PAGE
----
Hendrika Cornelia Scott Swart


Born: 1939 in South Africa
Died: 23 February 2016 in South Africa

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Hendrika Swart was known to all as Henda Swart, and she wrote papers under the name 'Henda C Swart'. She was named Hendrika Cornelia Scott and only became known as Henda Swart after her marriage to the mathematician John Henry Swart (1940-2012). Henda studied at the University of Stellenbosch situated in Stellenbosch, Western Cape, South Africa. It was at university that she met John Henry Swart who, after undergraduate studies, earned an M.Sc. from the University of Stellenbosch. Henda also studied for an M.Sc. at the University of Stellenbosch and, following the award of the degree, was appointed as a lecturer in mathematics and applied mathematics at the University of Natal, Durban, in January 1962.

Let us note at this point that Henda and her husband John Henry Swart had three children, Christine, Sandra and Gustav.

In addition to teaching at the University of Natal, Swart undertook part-time studies at the University of Stellenbosch aiming at writing a geometry thesis to obtain her doctorate. She was awarded the Queen Victoria Stipend, a University of Stellenbosch award, which funded her to spend time undertaking research at the Ruhr University in Bochum, Germany. She was awarded a D.Sc. by the University of Stellenbosch for her thesis Sesquilinear Curves in Desarguesian Planes in 1971. Her advisor was Kurt-Rüdiger Kannenberg, who had been awarded his doctorate by the University of Bonn in 1954 advised by Emanuel Sperner. Swart's degree was the first D.Sc. in mathematics awarded by the University of Stellenbosch. She did not publish the thesis, nor any papers resulting from this research.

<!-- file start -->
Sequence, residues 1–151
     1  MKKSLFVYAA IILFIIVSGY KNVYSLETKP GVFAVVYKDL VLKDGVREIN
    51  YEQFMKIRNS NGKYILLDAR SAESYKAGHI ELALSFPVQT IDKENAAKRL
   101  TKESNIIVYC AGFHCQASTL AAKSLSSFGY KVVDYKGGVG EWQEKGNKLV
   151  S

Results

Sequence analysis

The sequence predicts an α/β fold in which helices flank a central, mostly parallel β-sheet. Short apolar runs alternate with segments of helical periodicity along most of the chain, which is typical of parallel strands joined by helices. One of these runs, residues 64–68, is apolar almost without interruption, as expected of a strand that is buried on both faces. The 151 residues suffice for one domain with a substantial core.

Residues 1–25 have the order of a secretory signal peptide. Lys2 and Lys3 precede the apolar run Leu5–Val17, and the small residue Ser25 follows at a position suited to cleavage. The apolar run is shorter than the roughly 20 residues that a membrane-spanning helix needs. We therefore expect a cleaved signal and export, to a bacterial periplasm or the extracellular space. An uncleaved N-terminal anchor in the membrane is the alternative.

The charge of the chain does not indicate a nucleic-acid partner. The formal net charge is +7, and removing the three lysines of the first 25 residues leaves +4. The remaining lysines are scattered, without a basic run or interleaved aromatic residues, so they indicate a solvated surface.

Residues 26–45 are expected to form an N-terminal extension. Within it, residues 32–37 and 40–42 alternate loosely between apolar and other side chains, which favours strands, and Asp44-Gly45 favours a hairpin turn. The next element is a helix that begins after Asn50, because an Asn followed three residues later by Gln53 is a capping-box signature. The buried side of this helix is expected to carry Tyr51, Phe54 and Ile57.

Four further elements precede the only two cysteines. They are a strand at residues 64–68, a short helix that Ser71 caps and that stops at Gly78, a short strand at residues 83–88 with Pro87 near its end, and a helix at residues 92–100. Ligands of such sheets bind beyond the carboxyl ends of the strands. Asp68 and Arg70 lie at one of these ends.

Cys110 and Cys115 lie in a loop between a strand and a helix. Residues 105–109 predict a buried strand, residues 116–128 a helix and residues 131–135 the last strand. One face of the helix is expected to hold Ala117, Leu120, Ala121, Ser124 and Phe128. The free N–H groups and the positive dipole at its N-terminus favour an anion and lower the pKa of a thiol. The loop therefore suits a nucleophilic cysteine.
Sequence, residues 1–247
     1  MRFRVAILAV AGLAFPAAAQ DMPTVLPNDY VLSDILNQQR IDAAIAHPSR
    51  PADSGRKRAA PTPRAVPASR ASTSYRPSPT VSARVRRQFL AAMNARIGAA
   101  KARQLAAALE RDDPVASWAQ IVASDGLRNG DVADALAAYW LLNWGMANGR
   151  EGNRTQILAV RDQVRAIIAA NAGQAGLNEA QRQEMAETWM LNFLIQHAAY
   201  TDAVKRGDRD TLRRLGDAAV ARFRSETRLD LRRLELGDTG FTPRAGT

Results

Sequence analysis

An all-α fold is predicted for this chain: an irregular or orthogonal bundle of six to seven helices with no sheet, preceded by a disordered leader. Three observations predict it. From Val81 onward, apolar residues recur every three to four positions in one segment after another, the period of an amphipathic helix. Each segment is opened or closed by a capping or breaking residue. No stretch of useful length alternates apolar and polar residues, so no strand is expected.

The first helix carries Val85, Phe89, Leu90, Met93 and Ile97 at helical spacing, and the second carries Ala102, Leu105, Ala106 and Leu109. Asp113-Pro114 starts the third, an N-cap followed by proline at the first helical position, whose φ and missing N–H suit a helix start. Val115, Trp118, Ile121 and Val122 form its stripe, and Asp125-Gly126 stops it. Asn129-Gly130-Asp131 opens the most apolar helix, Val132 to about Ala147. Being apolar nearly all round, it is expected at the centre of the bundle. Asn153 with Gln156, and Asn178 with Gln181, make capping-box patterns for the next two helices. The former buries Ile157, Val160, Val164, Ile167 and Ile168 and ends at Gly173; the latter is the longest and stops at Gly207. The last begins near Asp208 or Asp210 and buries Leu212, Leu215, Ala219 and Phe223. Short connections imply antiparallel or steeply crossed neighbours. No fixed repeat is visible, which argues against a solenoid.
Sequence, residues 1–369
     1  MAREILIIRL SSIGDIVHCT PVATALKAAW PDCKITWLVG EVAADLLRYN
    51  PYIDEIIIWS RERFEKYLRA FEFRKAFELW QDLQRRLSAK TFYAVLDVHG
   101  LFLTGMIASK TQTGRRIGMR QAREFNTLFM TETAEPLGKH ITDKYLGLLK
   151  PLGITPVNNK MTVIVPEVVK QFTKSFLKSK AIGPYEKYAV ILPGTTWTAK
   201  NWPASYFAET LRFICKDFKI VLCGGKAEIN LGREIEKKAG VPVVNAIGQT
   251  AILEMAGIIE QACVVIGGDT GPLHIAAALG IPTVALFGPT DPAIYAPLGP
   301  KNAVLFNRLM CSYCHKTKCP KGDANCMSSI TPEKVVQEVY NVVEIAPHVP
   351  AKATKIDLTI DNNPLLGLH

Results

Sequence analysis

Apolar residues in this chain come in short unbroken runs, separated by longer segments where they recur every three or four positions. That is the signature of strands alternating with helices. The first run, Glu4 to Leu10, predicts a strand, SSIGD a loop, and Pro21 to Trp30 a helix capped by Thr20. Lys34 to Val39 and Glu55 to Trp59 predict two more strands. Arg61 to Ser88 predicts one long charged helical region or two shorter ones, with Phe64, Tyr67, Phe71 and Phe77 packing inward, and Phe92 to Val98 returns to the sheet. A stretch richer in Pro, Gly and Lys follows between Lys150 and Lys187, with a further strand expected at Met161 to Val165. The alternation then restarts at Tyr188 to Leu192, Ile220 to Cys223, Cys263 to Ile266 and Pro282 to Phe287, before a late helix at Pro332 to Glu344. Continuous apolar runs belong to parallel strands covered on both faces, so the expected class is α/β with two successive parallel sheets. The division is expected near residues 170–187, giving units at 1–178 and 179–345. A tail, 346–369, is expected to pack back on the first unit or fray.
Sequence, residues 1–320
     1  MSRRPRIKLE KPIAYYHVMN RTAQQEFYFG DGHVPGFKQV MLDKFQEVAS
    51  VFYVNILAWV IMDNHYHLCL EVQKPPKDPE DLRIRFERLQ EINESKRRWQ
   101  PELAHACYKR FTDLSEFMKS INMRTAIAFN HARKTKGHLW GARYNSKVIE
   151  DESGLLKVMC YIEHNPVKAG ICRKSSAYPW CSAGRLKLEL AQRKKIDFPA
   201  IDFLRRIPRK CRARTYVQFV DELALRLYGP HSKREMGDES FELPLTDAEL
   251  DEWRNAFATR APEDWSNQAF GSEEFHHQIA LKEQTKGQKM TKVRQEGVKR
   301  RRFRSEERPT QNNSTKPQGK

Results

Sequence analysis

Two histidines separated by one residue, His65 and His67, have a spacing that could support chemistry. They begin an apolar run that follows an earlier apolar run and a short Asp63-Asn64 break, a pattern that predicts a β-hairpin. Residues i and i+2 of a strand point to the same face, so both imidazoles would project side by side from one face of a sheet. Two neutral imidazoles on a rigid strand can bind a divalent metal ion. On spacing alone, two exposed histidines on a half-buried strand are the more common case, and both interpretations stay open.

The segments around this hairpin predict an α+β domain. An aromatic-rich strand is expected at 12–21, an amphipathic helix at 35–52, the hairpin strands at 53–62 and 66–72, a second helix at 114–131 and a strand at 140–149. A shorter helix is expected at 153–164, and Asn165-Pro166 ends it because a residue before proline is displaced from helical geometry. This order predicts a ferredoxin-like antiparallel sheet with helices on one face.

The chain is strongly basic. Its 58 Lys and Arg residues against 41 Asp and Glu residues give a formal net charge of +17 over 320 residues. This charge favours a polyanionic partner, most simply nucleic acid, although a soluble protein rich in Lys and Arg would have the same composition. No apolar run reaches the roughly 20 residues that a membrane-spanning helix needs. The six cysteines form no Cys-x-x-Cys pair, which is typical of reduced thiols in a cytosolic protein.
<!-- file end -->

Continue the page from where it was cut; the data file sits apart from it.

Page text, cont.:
Swart spent a sabbatical leave at the University of New Mexico, Albuquerque, New Mexico, USA. She attended the graph theory lectures delivered by Roger Charles Entringer in which he handed out a set of open questions to the class. Swart thought that these were exercises for the class and attempted to solve them but was surprised to find that she could not solve some of them. Entringer was, however, very impressed with the progress that she had made and this led to a joint publication by Swart and Entringer, Spanning cycles of nearly cubic graphs (1980). The date on this paper is slightly confusing since the two authors submitted it for publication in July 1977 while Swart was at the University of New Mexico. The paper was reviewed by A G Thomason who wrote:-